Chef-restaurateur Tom Valenti of Ouest in New York City knows what delicious is better than most chefs I know. He's also a diabetic. In fact, he co-wrote a terrific cookbook, You Don't Have to be Diabetic to Love This Cookbook. So when he e-mailed me a couple of weeks ago asking if we wanted to post some Thanksgiving-appropriate recipes from the book we of course said yes. Here's what Tom had to say about each of the dishes:
Bacony Brussels Sprouts:
I've done a lot of original things with bacon in my time, but I cannot claim credit for the combination of bacon and Brussels sprouts. Nonetheless, I had to include it in this book because I never tire of it, and the dish loses very little when made with diabetes-friendly turkey bacon. These Brussels sprouts go well with just about anything and are a must at Thanksgiving dinner.
Roasted Cippolini Onions:
Cooking sweet cippolini onions with balsamic vinegar until the vinegar is reduced produces an irresistible sweet and sour effect. These are delicious with calf's liver and other full-flavored meats, poultry, and game.
Oyster and Sausage Stuffing:
I've been making a version of this stuffing for years, and it's one of the things I love and look forward to most when Thanksgiving rolls around. One of the stuffing's many appealing attributes is that it will fill your home with the smells of good cooking - first the toasted pine nuts and then the sausage, vegetables, white wine and herbs. Once the stuffing is in the oven, your senses and those of the people watching the ball game in the next room will be utterly, fully engaged. Of course, given our reason for being there together, I have to skimp on the bread a bit, but never fear: Mushrooms do a good job of making up for volume, while adding another flavor to the mix.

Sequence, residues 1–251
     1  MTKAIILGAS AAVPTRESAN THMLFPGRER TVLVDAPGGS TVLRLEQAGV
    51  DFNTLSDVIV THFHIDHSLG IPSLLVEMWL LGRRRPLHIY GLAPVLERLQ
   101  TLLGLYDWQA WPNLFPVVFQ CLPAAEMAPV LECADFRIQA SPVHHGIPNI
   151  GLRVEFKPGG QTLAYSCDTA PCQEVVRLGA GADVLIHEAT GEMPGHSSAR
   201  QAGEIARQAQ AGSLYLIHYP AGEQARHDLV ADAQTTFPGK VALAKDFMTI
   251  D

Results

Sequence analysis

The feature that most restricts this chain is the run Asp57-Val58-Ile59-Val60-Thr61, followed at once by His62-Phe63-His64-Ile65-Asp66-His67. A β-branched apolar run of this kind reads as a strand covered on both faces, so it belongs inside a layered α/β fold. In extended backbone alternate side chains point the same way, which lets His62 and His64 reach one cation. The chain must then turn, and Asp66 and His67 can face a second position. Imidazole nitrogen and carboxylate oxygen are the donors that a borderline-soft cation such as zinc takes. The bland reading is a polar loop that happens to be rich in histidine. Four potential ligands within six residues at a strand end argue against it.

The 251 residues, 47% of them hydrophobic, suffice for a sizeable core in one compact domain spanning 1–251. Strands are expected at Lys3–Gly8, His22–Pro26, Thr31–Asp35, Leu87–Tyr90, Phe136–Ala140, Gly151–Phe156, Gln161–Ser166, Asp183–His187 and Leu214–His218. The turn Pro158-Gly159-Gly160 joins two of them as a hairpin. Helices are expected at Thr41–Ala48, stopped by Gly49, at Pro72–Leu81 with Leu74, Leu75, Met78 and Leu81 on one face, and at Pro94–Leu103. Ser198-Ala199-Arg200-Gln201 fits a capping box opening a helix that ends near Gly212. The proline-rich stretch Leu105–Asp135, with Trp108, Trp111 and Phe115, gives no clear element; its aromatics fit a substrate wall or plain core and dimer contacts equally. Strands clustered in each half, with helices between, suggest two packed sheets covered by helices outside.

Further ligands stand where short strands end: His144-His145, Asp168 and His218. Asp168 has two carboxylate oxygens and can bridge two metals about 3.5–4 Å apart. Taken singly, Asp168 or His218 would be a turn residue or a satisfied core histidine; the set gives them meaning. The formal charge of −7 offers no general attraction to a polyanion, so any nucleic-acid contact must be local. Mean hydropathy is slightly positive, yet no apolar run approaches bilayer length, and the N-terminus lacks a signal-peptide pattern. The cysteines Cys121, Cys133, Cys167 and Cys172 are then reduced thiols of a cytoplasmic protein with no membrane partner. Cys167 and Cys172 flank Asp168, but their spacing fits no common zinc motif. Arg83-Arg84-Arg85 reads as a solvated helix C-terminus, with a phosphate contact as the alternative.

Whole Roasted Turkey:
This is probably a recipe unlike any other you've ever used for roasting a whole turkey. I myself was always taught that the rule of thumb was 20 minutes per pound, and I've also seen techniques that put water or stock in the pan with the bird, tent the breast with aluminum foil, and of course, call for lots of basting.
If you have a tried-and-true method that has served you well every Thanksgiving, then by all means stick to it. But my method is much simpler than the traditional ones, and I highly recommend it. Basically, I treat the turkey like a big chicken, using a modified version of the technique I'd use to roast a whole chicken, starting it in a very hot oven and lowering the temperature as soon as the bird starts to brown. At that point, I cook the turkey for fifteen minutes per pound, letting it coast to doneness for fifteen minutes after I've turned the oven off.
I normally season turkeys inside and out, but in order to keep the sodium down here, I have seasoned only the cavity. Using an instant-read meat thermometer to determine doneness is crucial; be sure to insert it at the top of a thigh.
Miniature Pumpkin Pies with Graham Cracker Crusts:
These little single-serving pies show how satisfying a few bites of the real thing can be: They're made with a quick graham-cracker crust pressed into the bottom of a tin into which pumpkin pie filling is spooned. Once the miniature pies are baked and chilled, the result is enough to make even the most ardent sweet tooths feel fulfilled.